The last place Bailey Craig wants to be is back in Yancey, Alaska. But that is where she finds herself after the death of her beloved aunt Agnes. When it is discovered that there may have been more to the plane crash that killed her aunt than just an accident, Bailey must remain in her hometown for longer than is easily endured. Small towns don’t forget, and Bailey has a less-than-desirable reputation.Cole McKenna is both excited and nervous to hear that Bailey Craig is back in town. As one of the rescue divers called to investigate the plane wreckage, Cole will be working closely with Bailey to discover what really happened to her aunt. But Bailey broke his heart years ago, and he wonders what it will take to put it back together.
The quiet town of Yancey, Alaska, harbors a deep secret. As more and more evidence is unearthed, the truth of the past will come to light, not only for the town, but for Bailey and Cole as well.For a debut author, I thought the writing in this novel was good. The story was easy to read, the suspense was excellent, and the plot was intricate. At one point close to the end, I had to put the book down to go cook dinner (or do some other mundane thing), and I told my husband, “I can’t believe what a predicament I just left those poor people in!” When I feel bad leaving the characters in a jam, then I know that I am really involved in the suspense part of the story.
Overall, the romance was done well, too. There were only a few times when I was tempted to roll my eyes at something that was too syrupy-sweet romantic. The good thing was that the romance didn’t overshadow the suspense. At the same time, the suspense wasn’t so much that it squeezed the romance out of the way, either. It was very nicely balanced. I did notice, however, that Cole didn’t always seem to think like a guy. At one point he thinks to himself that Bailey smelled “like a meadow after a spring rain.” Now, maybe my husband just isn’t the poetic type (which is certainly OK with me), but I think he would describe it more as “you smell good,” or “you smell like fruit” instead of with such a flowery description!Since my favorite genre is historical fiction, it was nice to see a little bit of that come into play in this book. And yet I couldn’t help but get bogged down in the historical aspects of the story. Russian history is complex and hard to describe as it is, so putting most of it at the end of the novel in a huge chunk made it even harder to follow. It might have worked better if the historical aspects had been revealed throughout the book instead. Since the reader didn’t have those facts until the end, it made it much harder (in fact, almost impossible) to figure out the bad guy’s motive for causing all of this in the first place.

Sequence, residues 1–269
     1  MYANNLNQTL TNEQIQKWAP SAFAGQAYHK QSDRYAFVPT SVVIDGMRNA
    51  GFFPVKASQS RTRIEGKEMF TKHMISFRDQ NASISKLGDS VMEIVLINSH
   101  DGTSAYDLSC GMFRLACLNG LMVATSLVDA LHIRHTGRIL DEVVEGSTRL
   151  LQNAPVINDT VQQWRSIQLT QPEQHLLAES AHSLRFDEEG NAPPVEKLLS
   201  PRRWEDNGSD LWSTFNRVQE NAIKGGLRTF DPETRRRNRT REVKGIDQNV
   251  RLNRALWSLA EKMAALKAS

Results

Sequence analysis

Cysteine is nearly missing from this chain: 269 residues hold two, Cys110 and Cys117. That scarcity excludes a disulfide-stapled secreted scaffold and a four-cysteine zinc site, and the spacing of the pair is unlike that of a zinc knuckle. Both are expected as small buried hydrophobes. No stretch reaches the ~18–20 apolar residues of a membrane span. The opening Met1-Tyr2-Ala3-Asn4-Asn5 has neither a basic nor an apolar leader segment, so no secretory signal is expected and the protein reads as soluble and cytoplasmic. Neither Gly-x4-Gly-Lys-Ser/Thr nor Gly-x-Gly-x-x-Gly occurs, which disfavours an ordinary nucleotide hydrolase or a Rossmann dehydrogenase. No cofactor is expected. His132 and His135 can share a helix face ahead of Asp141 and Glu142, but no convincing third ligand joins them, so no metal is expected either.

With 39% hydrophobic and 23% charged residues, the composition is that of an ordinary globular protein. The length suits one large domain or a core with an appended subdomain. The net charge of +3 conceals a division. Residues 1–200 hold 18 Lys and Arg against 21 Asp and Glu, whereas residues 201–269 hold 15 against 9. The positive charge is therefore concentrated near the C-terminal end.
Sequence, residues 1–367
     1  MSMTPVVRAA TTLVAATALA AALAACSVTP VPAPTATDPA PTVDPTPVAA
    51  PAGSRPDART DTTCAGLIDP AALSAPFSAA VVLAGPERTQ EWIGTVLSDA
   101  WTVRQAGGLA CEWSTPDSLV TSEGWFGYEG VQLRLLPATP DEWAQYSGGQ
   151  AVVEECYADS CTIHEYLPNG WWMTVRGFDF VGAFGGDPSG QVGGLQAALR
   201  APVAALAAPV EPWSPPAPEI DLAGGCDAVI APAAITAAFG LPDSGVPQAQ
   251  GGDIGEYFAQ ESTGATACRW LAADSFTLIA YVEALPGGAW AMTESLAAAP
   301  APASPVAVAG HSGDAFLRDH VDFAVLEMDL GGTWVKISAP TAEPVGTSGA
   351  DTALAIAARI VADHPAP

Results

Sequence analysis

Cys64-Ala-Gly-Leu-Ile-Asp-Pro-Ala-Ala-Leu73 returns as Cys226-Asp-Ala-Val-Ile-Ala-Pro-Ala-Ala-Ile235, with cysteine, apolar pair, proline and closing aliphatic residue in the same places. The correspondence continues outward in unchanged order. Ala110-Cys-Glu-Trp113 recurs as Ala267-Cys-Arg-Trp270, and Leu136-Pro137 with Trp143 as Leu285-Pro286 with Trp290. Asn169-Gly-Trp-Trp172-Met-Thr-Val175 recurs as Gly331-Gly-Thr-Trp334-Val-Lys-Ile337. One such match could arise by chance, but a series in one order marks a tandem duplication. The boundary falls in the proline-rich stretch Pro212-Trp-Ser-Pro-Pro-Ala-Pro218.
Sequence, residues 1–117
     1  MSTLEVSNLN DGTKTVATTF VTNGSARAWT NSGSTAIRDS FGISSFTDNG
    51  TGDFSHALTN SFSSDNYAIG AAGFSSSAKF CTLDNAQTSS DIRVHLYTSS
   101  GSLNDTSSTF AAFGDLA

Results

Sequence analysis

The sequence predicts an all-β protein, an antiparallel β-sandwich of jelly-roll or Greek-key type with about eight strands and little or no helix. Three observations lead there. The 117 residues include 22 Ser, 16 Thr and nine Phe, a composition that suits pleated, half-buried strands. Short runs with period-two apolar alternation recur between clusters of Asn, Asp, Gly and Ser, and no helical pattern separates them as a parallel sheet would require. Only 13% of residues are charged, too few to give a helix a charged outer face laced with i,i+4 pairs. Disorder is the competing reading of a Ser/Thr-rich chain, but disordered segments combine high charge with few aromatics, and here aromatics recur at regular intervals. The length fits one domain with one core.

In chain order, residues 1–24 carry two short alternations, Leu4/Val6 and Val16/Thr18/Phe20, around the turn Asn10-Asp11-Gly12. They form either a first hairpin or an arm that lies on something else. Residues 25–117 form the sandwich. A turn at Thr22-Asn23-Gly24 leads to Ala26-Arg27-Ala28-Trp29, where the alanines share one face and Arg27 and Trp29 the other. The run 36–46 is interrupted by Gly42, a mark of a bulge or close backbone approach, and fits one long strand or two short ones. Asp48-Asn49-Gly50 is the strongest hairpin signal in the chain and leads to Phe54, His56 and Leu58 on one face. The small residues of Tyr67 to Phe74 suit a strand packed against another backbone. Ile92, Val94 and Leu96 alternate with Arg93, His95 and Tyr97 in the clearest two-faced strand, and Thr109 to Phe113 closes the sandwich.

As for the characters, there were a lot of them. I only label Bailey and Cole as the main characters because they are listed in the back-of-the-book description. The other characters are interesting, and I realize that they will have their own stories in the next books in the series, but I thought a little too much time was spent building up the minor characters.As for Bailey and Cole, they were not necessarily relatable to me on a personal level because I have not been through their experiences. I understand that it would be hard for Bailey to move on from the things she had done, especially going back to the town where all of that took place. But I did sometimes find myself thinking that she was being very self-involved. She seemed to always be dwelling on the fact that the people around her were thinking the worst about her. I just couldn’t help thinking that she needed to get over herself. The other characters in the book had more on their minds than just Bailey Craig.
However, spiritually, the characters were easy to relate to. The message of grace and forgiveness comes through clearly in this novel. No matter what we have done in the past, we must accept that Christ died for those sins and move on in the knowledge of His grace and mercy. It does us no good for our past sins to hold us back from living the life that Christ wants us to live right now.I was really excited to read a book set in Alaska, somewhere I really want to visit one day. But, throughout this story, I kept getting tripped up in the descriptions of people and places that were supposedly in Alaska. Even if it might sometimes hit 80 degrees in August in Alaska, that doesn’t mean that everyone there runs around in sundresses and flip-flops and goes surfing. I’m sure there are some sandy beaches somewhere in Alaska, but, in my mind, most of the coastline is rocky. It just felt incongruous. The whole time I was reading, I felt as if you could have lifted the story right out of Alaska, put it in Hawaii or the Caribbean, and (except for the Russian history) you would have had the same story. This is just my personal preference, but if you are going to set your story in Alaska, I would enjoy it much better if it actually feels as if it is taking place in Alaska.
The suspense part of this novel was good, as was the overall message of grace and forgiveness. I wouldn’t mind reading the next books in this series…as long as they take place in winter in Alaska!
I will give Submerged … 3 BookWorms.